Mathematics has never been my strongest subject. I was never the first person in the class to answer a mathematical problem, but I loved the beauty of the solution once I found it. I was particularly fond of statistics, as my brain relishes patterns. Perhaps that’s why I’ve become so obsessed with the patterns created by the fractal 80/20 rule recently, and how it applies to B2B businesses and growth.
Another concept borrowed from mathematics that caught my attention is the inflexion point. It denotes the point on a curve at which the curvature changes sign. In business and other contexts, it refers to the critical moment when a significant change occurs, often leading to a substantial and usually irreversible shift in trajectory or behaviour. I liked that concept so much that I named my business after it.
An inflexion point often marks the start of a new phase of development, such as the agricultural revolution (around 10,000 BCE), the fall of the Roman Empire (5th century), and the industrial revolution (18th–19th century). Slightly closer to home, inflexion points in marketing include the birth of mass advertising (late 19th century), the introduction of TV advertising (1940s), the rise of digital marketing (1990s), and the social media explosion (2000s).
For us B2B marketers, I would like to add the development of ABM (also 2000s), which Professor Malcolm McDonald famously called a ‘paradigm shift in marketing.’ While the first ten years of ABM were about spreading the word and honing mostly strategic or 1-1 ABM, the next ten years saw an explosion of adoption, mostly driven by advancements in marketing technology and predominantly focused on programmatic ABM, or 1-many. This explosion of interest shows no sign of waning, as evidenced by the 500 people attending B2B Marketing’s Global ABM Conference in London last week.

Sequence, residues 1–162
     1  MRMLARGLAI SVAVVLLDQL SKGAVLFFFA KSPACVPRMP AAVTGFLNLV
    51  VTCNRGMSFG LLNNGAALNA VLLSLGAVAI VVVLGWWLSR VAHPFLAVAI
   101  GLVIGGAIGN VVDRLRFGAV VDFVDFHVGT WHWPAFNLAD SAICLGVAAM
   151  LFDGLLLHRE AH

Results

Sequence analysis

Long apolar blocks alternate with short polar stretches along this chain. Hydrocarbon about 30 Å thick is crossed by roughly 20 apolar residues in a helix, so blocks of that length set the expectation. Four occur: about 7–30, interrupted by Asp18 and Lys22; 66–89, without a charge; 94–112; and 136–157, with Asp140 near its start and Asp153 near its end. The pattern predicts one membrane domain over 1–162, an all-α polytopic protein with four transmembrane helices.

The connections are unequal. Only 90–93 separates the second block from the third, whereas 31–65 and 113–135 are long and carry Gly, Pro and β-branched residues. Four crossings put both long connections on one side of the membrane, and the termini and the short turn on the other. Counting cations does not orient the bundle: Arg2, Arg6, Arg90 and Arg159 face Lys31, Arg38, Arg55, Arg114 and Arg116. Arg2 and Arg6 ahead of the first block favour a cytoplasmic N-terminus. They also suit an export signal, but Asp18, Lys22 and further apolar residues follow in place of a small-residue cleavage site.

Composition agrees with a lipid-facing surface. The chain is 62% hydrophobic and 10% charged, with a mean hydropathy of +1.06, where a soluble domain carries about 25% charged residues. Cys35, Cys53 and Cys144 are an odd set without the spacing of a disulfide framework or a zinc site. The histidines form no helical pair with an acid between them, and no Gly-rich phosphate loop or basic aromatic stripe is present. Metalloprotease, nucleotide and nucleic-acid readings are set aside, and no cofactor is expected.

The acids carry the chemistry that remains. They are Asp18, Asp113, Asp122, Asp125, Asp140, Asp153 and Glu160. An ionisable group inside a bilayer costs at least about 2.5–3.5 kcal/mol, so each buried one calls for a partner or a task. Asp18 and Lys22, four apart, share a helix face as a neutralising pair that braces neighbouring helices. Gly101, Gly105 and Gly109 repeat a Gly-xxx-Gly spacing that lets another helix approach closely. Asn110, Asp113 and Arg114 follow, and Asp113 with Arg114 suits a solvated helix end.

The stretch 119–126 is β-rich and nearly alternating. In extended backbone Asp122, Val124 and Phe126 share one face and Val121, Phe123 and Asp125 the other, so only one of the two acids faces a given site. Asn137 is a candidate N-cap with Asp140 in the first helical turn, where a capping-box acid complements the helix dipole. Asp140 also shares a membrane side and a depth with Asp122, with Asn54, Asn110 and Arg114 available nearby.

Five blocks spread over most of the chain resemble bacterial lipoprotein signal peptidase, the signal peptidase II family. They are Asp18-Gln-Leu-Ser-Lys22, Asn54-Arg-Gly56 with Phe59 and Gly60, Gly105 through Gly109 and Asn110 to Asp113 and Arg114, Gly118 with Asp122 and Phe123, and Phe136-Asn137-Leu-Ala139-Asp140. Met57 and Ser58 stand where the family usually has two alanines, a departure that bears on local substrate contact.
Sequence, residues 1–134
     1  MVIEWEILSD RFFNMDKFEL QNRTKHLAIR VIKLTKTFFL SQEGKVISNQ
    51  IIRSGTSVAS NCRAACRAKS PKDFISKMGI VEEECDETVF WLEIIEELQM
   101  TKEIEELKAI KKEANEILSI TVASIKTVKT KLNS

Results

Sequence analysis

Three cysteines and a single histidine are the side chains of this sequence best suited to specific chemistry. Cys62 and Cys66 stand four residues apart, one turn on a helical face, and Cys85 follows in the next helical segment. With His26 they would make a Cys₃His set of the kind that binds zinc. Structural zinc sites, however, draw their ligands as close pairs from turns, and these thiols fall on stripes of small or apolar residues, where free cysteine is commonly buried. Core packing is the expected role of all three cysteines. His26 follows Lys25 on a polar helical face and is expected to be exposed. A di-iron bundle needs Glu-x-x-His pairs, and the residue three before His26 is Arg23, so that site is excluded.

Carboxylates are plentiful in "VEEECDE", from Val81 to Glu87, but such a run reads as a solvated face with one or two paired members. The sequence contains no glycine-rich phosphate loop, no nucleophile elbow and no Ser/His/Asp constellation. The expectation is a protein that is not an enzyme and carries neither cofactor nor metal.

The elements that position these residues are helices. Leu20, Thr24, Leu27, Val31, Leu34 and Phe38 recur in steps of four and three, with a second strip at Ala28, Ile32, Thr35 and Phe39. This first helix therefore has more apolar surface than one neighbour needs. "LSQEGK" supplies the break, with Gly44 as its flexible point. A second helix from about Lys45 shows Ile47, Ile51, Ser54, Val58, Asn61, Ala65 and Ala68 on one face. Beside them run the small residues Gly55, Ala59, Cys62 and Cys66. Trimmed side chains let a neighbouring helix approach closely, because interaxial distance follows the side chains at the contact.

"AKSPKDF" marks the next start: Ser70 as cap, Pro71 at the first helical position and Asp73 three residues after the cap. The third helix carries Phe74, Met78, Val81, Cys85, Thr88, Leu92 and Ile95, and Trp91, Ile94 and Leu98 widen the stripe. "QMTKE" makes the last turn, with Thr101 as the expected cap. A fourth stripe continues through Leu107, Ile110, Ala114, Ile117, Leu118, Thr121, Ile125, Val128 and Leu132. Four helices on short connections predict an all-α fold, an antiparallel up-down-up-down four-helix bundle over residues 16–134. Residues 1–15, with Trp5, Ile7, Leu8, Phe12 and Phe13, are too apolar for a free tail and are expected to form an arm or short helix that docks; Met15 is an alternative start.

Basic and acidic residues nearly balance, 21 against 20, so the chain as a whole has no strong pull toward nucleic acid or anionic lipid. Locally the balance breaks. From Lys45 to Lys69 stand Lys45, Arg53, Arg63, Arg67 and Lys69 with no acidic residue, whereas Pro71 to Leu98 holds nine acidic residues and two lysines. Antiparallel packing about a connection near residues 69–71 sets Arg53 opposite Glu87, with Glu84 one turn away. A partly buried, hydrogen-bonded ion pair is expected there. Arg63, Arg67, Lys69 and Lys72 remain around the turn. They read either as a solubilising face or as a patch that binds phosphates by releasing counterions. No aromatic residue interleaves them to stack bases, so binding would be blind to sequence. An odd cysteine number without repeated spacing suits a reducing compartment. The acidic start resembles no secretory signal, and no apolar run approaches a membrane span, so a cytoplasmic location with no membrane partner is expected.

But so far, we have never solved the dilemma at the core of this most powerful B2B marketing approach: strategic ABM delivers a higher ROI than any other type of ABM or marketing, but to try and scale it without extra budget or resource is to lose its power and weaken its impact. The only way to scale strategic ABM has always been by adding more ABM-ers and increasing marketing investment.
Artificial Intelligence is changing all that. AI has introduced new capabilities in analysis (enabling account segmentation, prioritisation and understanding, and stakeholder profiling) and creativity (such as for design inspiration, content generation, personalised visuals, data visualisations, and interactive experiences). As my co-presenter at last week’s conference, Jaspreet Bindra, says, “AI will change the way we work. Even the productivity tools we use every day, such as Microsoft Teams, are incorporating AI to allow us to summarise meetings in seconds, so that we can get on with the actions not the write up.”
This all adds up to us being able to do more. Think of AI as your analytical and creative assistants. How much more can you get done with these assistants on your team? My own experience suggests nearly twice as much, so far.
So, we may well be at an inflexion point in ABM, driven by AI finally helping us to scale strategic ABM. For CMOs and ABM programme leaders, it’s time to reassess your ABM coverage model for your most important accounts (back to the 80/20 rule). For individual ABM-ers, the AI bandwagon is rolling — it’s time to get on board, experiment, and learn new skills.
Back to my fascination with maths. Guess what one of the founders of the discipline, John McCarthy, originally called AI? Applied Statistics! I’ll be writing more about ABM and AI in the coming weeks as we see how this particular inflexion point plays out.